The Frisby Legacy

When the most famous evangelist in Arizona history died last year, his will decreed that his estate be split evenly among his five sons. But there was practically nothing left to split.

Neal Frisby — the guy on TV in the '80s, preaching the Gospel "from Phoenix, Arizona, under the great pyramid, Capstone Cathedral" — once had assets worth more than $20 million. The Pentecostal preacher's ministry, which he controlled completely, owned 20 acres in one of the priciest parts of town, a 4,000-seat cathedral, and the house his family had lived in for 30 years. All were free and clear.

A few months before dying, however, the ailing evangelist gave them all away.

The land. The cathedral. The house.

He did not give them to his sons, even though two of his sons were living in the house at the time, even though one wanted nothing so much as to inherit the pulpit.

He did not give them to his brother, who was the trustee of his estate and who'd been his loyal lieutenant for decades. Nor did he bequeath them to his congregation or any of its members.

Instead, Neal Frisby handed over his assets to a guy he'd met only a few months before. Robert Brooks was a former NFL wide receiver, of all things. (And, as one family friend hissed, a black wide receiver, at that.)

The family was shocked by the old man's decision, and the story only grew stranger to them as time passed.

Brooks, it turns out, was a guy who'd never even read Frisby's teachings. A guy who proceeded to evict from the cathedral the newsletter operation that had made Frisby's name. A guy who made sure that the family manse, which sat adjacent to the cathedral, was torn down.

During Neal Frisby's life, his word was law. "He wanted things a certain way, and there was no dealing with him if it wasn't that way," recalls Zan Pauley, who attended Frisby's services for more than 30 years and was eventually appointed to his board of directors.

No one challenged Frisby, even as his work habits led to exhaustion, even as he spent hundreds of thousands of dollars seeking relief from chiropractors.

But after Frisby died, people started questioning practically everything about his last decision.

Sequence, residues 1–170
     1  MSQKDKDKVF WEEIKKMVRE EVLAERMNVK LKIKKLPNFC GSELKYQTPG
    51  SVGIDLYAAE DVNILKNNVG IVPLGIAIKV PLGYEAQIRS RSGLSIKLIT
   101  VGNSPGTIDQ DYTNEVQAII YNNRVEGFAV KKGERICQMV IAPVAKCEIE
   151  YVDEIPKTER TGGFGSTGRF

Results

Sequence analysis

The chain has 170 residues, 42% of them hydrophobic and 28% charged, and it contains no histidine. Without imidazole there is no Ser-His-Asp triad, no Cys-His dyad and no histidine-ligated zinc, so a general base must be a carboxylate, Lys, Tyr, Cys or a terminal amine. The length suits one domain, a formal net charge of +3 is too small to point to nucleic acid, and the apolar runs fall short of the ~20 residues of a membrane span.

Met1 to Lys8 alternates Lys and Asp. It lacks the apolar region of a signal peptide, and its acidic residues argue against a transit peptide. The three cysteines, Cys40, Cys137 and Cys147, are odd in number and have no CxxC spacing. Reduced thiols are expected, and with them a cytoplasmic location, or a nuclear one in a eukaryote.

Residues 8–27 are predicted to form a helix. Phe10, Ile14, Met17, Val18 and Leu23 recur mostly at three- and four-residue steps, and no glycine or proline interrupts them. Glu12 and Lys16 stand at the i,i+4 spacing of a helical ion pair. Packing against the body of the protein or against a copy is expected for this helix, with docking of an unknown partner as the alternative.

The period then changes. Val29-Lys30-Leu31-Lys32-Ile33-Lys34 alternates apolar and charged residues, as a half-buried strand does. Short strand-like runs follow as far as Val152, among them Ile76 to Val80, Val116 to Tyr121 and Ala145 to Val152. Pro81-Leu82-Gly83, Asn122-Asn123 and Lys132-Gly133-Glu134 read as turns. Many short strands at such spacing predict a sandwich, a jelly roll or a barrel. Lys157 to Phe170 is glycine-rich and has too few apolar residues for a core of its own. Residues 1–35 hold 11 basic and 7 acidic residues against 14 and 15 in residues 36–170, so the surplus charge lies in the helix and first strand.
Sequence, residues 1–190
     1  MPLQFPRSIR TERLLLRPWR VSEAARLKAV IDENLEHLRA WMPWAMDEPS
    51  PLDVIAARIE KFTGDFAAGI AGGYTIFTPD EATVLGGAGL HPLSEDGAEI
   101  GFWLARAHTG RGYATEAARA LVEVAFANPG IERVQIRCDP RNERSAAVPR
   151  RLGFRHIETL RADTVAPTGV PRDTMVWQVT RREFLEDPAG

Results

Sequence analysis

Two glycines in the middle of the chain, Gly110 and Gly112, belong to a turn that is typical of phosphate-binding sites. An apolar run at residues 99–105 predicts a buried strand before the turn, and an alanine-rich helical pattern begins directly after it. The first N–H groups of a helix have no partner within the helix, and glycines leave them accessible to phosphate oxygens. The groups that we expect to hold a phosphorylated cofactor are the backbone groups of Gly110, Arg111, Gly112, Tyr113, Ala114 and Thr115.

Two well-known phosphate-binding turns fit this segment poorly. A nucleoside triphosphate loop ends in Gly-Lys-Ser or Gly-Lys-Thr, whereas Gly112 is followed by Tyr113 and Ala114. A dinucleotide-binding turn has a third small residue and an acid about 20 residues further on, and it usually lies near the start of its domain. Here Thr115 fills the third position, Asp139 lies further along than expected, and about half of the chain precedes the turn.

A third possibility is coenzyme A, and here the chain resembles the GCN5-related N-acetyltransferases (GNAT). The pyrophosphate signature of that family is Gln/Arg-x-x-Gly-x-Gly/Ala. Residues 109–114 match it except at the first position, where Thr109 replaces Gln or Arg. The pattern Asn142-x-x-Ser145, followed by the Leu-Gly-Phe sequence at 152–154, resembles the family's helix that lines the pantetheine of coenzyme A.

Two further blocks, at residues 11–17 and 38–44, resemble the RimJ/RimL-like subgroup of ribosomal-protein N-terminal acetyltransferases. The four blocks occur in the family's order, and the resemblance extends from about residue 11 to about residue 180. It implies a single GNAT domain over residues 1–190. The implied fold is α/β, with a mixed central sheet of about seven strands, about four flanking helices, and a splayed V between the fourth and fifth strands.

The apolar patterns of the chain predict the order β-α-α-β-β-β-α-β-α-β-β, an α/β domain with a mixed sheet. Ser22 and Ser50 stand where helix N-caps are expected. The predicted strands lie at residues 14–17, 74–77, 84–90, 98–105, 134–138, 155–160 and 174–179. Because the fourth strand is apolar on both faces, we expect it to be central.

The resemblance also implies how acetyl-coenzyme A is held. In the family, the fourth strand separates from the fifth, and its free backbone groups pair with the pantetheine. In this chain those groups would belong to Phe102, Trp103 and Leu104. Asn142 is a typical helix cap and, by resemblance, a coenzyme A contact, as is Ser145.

Could "Brother Frisby," as everyone called him, possibly have wanted the world he created to change so dramatically? And how could he possibly have intended that his beloved cathedral — the "great pyramid" from those old TV commercials — go to a stranger, not to mention the family home?

A year after Frisby's death, his family and friends remain deeply divided.

His sons, who were left in the cold, are convinced that the gift was an act of senility, the irrational act of a 71-year-old man who'd long been wracked with pain and was incapable of safeguarding his interests.

But others, like Pauley, see the bequest as nothing less than Neal Frisby's final leap of faith — the perfect signature to a life lived in total service to God.

At first glance, the two positions seem to be in stark contrast.

But much of the evidence — files from three court cases, minutes from Frisby's board meetings, property records, and interviews with just about everybody who knew Neal Frisby well — points to a more complicated truth.

After all, seemingly crazy behavior and true devotion to God have never been mutually exclusive. Anything but.

Neal Frisby's life was a perfect example of that.

Frisby, as it turns out, was almost always irrational. He was convinced that his success owed everything to his willingness to hear God's voice and obey it. Often, that meant doing things that seemed, well, nuts.

And as Frisby grew older, his obsessive quest for God's voice left him incapable of doing things that anyone else in his position might have prioritized. He failed to nurture his congregation, take care of his health, and even pay attention to his family — because he was in pursuit of something bigger and better. Something with eternal significance.

And no one knew that better than Neal Frisby's sons.

Even as his final sacrifice for the Kingdom of God came at their expense. Even as it galls them today.

As a young man, Neal Frisby was a barber, and a boozer. Never had a day of college; didn't even finish high school. Other than a stint in the Naval reserves, he seems to have traveled little beyond Paso Robles, the central California farm town where he'd grown up.

He married young and had two kids, Deborah and Allen. But, horribly, 29 days after Allen's birth, his teenaged wife committed suicide. More booze followed.

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Sarah Fenske
Contact: Sarah Fenske